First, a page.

Co.Design

Molto Delizioso! Eataly Arrives in New York City

How do you brand $50 olive oil and a $500 grocery bill? Mario Batali shows the way, in New York's new Eataly outpost.

With a warm hug and a kiss on both cheeks, Eataly, the largest artisanal Italian food and wine marketplace in the world, opened its first location in the Flatiron district of New York City. At 42,000 square feet, it's equal in size to the arena at the Roman Colosseum, and features a megamarket fully stocked with cured meats and fresh fish, cheeses, fruits and vegetables, handmade pastas, desserts, baked goods, coffees and teas, canned goods, sauces and olive oils — and that's only on the main floor.

As a retail space, imagine a massive Ikea with marinara sauce.

[OM NOM NOM NOM]

This estravaganza is a creative collaboration between celebrity food stars Joe Bastianich, Mario Batali, Lidia Bastianich of Batali-Bastianich (B&B) Hospitality Group and Eataly founder Oscar Farinetti.

New Yorkers will have plenty to taste and savor including seven full-service restaurants, a take-out counter, café, rooftop beer garden, wine shop, bakery and patisserie, plus a housewares department, bookstore and culinary center called La Scuola.

[The $50 olive oil]

The Eataly branding is bold but speaks in a gentle brand "voice." Signs and posters inform, guide and entertain shoppers with witty, bite size bits of wisdom about Italian food and culture. Manager Nicola Farinetti describes the spirit of the look and feel as ?autorevole?, translated as informal but passionate.

I appreciate the simplicity of the typography and graphics, all created in-house. Silhouetted photos of food accompany clean white backgrounds and Mrs. Eaves typeface set center style in a dark chocolate color, all of which evoke a refined sophistication. The style editorializes your visit and makes the experience feel like walking through a beautifully designed cookbook with a fun mix of English and Italian.

This works particularly well when accented with some subtle humor: "The Bathrooms are Located Near the Beer Section, of Course" or ?Life is too Short Not to Eat Well?. My favorite one is a quote from Sophia Loren: ?Everything You See I Owe to Spaghetti?, strategically positioned near the pasta section. These are mounted on columns, suspended overhead, propped on easels. They're also printed on staff t-shirts. Farinetti confesses that they are correcting a few errors in translation on some of the idioms. Those that I found were almost charming and add to the authenticity of the brand.


[A big part of the branding: Giving you the sense that the food is being lovingly made on-site, as at the pasta counter]

[The butcher counter]

To further enhance the visitor experience, the merchandising of this vast offering is deftly done. CFO Adam Saper says their approach is unconventional, with many items arranged within general categories by producer as opposed to by product. He adds that they are transparent about the relationships they have with suppliers, offering their brands in cooperation with Eataly such as book publisher Rizzoli for Eataly.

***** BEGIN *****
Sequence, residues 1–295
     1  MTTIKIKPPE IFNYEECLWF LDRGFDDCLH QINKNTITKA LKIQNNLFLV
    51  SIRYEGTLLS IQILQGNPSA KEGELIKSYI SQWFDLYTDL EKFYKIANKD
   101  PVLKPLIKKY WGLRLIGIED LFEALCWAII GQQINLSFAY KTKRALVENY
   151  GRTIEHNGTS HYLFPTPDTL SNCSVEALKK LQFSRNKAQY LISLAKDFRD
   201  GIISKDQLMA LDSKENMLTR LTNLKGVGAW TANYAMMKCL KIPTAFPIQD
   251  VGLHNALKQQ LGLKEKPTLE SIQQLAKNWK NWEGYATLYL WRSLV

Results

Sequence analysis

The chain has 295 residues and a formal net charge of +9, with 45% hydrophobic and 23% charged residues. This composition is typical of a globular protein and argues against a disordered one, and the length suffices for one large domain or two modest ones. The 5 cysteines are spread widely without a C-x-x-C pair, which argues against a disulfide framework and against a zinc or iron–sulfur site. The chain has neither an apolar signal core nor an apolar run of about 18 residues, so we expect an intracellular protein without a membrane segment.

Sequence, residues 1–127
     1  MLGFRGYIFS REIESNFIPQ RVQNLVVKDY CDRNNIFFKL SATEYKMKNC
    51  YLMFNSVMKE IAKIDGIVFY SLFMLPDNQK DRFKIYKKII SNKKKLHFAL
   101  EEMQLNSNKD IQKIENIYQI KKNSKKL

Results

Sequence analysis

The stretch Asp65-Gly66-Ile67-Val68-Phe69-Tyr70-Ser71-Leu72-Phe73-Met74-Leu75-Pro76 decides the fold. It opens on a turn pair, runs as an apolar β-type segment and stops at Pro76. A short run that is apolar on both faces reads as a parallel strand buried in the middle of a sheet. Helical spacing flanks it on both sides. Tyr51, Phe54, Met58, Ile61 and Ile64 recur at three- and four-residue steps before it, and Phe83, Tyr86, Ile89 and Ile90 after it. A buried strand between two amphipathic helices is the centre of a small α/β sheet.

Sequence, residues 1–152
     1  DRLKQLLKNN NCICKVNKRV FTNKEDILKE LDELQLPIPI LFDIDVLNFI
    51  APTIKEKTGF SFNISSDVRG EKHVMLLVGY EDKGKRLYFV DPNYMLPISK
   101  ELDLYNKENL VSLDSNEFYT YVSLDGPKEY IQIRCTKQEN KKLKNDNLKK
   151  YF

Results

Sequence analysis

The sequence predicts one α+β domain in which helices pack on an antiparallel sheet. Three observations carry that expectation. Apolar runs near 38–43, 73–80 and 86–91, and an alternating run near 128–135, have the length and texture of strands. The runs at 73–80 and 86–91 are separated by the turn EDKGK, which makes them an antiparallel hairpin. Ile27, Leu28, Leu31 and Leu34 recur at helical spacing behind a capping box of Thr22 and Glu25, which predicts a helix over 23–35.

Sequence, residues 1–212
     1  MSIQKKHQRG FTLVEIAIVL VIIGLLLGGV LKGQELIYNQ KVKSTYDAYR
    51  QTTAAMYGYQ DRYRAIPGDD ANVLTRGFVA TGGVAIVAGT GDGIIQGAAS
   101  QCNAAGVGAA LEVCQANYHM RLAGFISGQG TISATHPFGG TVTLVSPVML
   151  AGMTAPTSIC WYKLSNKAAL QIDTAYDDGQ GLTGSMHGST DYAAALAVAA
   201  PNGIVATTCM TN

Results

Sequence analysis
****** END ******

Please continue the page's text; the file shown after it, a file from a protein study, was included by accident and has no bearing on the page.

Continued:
[Yes, gold ovens. Life slinging Italian food is GOOD.]

My one reservation is the name "Eataly." It's a painful pun, but sounds better when pronounced with an Italian accent. The design of the logo is mezza mezza and could be stronger. Logo aside, the new world of brands and packaging lining the shelves-Italian imports, of course-present a feast for the eyes.

[That'll be $1,247,89!]

Everything and everyone is more beautiful in Eataly. At lunchtime, New Yorkers are packed in like imported sardines, but even a $10 take-out meal consisting of fresh melon and prosciutto is a finely crafted order and well worth the trip. Buon appetito!

Located at 200 Fifth Avenue at 23rd Street

[Pictures by Evan Sung, courtesy Eataly]

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1 Comments

  • Michael Cronan

    I hope this beautiful idea travels to other parts of the country. It promotes handcrafted food with passionate but informal style, as Ken writes, and this is the way to move people.

    By pleasantly informing them of how their food is created the store invites the customer disengage from the idea of highly processed food that lack basic nutritional needs. The store is a show place and the food is the show. The subtext is slow food and a care for the preparation of high quality ingredients, all completely important.

    Of course I'd love to see a store in Manhattan with quality food from less that 100 miles from the city. When every city in America can boast that it will represent a big change.